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ICT Opinion South Africa

What does digital transformation means for the future of local businesses?

Modern businesses know that digital transformation is no longer a "nice-to-have", but rather a "have-to-have" if they want to survive. This is why many businesses have started investing extensively in their transformation journeys in the last few years.
Tony Walt, chief solutions and operating officer at Internet Solutions.
Tony Walt, chief solutions and operating officer at Internet Solutions.

How far along the process these organisations are is another matter, but there can be no doubt that businesses are going to need to prioritise their digital transformation as an imperative if they want to continue to be relevant in a constantly evolving landscape.

The challenge facing most organisations is finding a profitable pathway between long-term sustainability and investment into solutions that will allow for growth and scalability.

The juggle between staying in business and staying relevant has never been more complex. Harnessing the capabilities of digital has become critical as it allows for the organisation to compete for customer attention and differentiate from the noise, but it comes at a cost. However, which cost is higher – being left behind or managing the bottom line?

In an environment where the pace of change is rapid – and getting faster as the rate of technological advancement increases – the digital transformation has the power to act as an enabler and help businesses transform more quickly. In effect, then, the technology used to drive digital transformation is the horsepower that allows the engine to speed up and respond agilely to this change.

The speed of this evolution is increasing the magnitude of processing power, bringing down the cost of computing and making it more accessible, which indicates that all companies are effectively going to have to become software-powered to remain competitive.

Making the move towards being software-powered

Kervin Pillay, chief technology officer at Internet Solutions
Kervin Pillay, chief technology officer at Internet Solutions

Being software-powered means essential business processes are driven by software, as opposed to people – and in a software-powered future, companies are going to need to reimagine the business model and processes to ensure that they can streamline and support the fundamental operations of the organisation.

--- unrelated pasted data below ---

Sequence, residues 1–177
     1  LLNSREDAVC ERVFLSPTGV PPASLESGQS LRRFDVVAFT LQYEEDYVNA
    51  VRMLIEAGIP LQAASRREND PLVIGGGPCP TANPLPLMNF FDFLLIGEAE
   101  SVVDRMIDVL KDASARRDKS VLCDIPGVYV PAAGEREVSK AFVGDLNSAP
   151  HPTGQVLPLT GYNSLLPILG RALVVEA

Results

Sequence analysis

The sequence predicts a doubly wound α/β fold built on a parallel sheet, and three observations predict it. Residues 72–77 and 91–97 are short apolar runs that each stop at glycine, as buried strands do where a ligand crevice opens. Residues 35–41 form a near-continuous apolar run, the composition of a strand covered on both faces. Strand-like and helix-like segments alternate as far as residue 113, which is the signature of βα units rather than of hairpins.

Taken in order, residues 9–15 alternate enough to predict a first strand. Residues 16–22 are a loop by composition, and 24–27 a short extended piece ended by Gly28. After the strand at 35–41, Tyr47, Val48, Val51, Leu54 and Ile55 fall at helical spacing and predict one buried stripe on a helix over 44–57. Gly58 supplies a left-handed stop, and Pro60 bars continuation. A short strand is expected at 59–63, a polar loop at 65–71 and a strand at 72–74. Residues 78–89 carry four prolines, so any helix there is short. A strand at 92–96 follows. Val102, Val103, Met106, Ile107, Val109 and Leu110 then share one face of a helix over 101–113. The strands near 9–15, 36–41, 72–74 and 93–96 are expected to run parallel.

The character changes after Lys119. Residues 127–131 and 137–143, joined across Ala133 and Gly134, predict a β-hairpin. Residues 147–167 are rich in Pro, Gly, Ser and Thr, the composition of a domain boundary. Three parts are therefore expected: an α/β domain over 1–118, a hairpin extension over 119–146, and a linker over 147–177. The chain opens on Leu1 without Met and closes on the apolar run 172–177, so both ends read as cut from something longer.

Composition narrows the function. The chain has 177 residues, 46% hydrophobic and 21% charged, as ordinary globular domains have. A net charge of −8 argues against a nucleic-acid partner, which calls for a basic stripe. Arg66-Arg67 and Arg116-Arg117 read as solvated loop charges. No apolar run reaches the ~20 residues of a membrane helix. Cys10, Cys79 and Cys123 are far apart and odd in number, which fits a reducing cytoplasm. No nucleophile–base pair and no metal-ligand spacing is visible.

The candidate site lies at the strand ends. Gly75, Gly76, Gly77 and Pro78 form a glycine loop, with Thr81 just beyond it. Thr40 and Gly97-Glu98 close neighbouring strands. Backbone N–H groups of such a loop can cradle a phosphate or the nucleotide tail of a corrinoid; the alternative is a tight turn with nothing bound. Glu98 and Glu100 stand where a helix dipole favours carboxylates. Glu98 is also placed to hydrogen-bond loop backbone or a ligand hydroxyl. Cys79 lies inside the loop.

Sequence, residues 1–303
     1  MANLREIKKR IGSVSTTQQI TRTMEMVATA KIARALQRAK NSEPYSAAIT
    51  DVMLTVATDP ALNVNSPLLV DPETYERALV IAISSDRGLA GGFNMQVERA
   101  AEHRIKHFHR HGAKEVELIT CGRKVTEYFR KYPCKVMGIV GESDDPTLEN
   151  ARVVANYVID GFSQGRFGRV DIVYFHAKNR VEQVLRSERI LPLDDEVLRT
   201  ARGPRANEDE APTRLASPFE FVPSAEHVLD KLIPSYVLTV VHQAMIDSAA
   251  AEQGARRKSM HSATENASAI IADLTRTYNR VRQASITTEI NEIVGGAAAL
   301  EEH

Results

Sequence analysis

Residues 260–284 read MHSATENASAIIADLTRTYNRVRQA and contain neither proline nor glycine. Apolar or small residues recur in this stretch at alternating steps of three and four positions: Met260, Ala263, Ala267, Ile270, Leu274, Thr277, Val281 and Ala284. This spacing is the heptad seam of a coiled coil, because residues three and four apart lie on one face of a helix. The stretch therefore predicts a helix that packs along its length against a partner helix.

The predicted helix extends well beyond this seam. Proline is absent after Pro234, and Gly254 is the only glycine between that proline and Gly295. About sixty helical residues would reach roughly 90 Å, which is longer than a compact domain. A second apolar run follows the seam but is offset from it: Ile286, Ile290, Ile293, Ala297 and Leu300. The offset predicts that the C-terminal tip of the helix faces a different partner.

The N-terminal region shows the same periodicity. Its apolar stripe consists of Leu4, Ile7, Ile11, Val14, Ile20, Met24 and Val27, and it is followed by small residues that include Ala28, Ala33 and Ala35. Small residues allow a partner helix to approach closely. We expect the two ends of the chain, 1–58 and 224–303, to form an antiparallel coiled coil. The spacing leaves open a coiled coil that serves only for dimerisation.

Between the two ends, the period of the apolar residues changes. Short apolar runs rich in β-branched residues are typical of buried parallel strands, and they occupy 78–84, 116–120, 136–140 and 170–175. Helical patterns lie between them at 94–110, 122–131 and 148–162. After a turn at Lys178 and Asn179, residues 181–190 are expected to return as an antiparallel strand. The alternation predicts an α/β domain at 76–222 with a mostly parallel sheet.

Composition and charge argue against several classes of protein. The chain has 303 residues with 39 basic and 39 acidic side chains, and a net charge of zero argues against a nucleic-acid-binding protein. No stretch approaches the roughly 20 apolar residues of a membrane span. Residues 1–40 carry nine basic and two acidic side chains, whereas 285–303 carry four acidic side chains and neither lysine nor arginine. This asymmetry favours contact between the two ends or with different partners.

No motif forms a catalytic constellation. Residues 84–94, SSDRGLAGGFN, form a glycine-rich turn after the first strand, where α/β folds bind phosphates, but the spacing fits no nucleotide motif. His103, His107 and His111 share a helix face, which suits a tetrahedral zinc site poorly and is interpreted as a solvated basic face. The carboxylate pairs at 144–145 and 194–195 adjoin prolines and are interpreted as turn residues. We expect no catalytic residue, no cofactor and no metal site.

Cloud, which can deliver computing services over the internet, has changed the playing field significantly. This is especially the case within South Africa, now that the local infrastructure and connectivity challenges are being addressed. For those that want the benefits of digital without the heavy hardware investment, the cloud mitigates many of the challenges for cost and investment.

Hybrid cloud is proving to be an effective solution for businesses pursuing digital transformation. It combines private cloud, public cloud and on-premises infrastructure and shares data and applications between them. This enables agility and fluidity, as well as the ability for organisations to scale their computing resources and IT infrastructure according to their business needs – with economies that make sense for the business model.

Changing the face of traditional competitors

Introducing solutions such as hybrid cloud to facilitate the move to becoming a software-powered, digitally transformed organisation present another interesting shift in the business landscape: businesses crossing the traditional boundaries of the sectors they operate in and, as such, needing to become agile enterprises to adapt to the pace of change. Telcos, for example, are branching out into financial services and vice versa – all facilitated by technology, which is lowering barriers to entry.

What this all means is that an organisation’s biggest competitors are no longer the traditional players in that industry. Being software-powered means businesses can play in different spaces much more easily than in the past. This is going to become increasingly common.


The ability to adapt to this new norm is going to require a change in how businesses fundamentally approach what they do. Businesses typically strive to be learning organisations when it comes to adopting software and technology, when in fact they should be focusing on becoming more of a “teaching” organisation to “teach” the Machine Learning and AI “bots” what needs to be done in a software-powered world.

This will result in significantly different and non-traditional skills. Ultimately, people are going to have to be cross-functional to ensure that businesses can truly become teaching organisations.

The fact that businesses need to implement these kinds of changes indicates that digital transformation requires an entire ecosystem to be achieved – and that once businesses have begun investing in their digital transformation to make the move towards becoming software-powered companies, they will be able to streamline their business models and processes to become more agile.

Ultimately, digital transformation must be tied to a strategy and allow for the organisation to optimise those processes that fit within this strategy. Random investments will do little more than add unnecessary bulge to the budget. Technology must do something for the business and it must be integrated throughout the business.

About Tony Walt & Kervin Pillay

Tony Walt, chief solutions and operating officer; Kervin Pillay, chief technology officer at Internet Solutions (IS)

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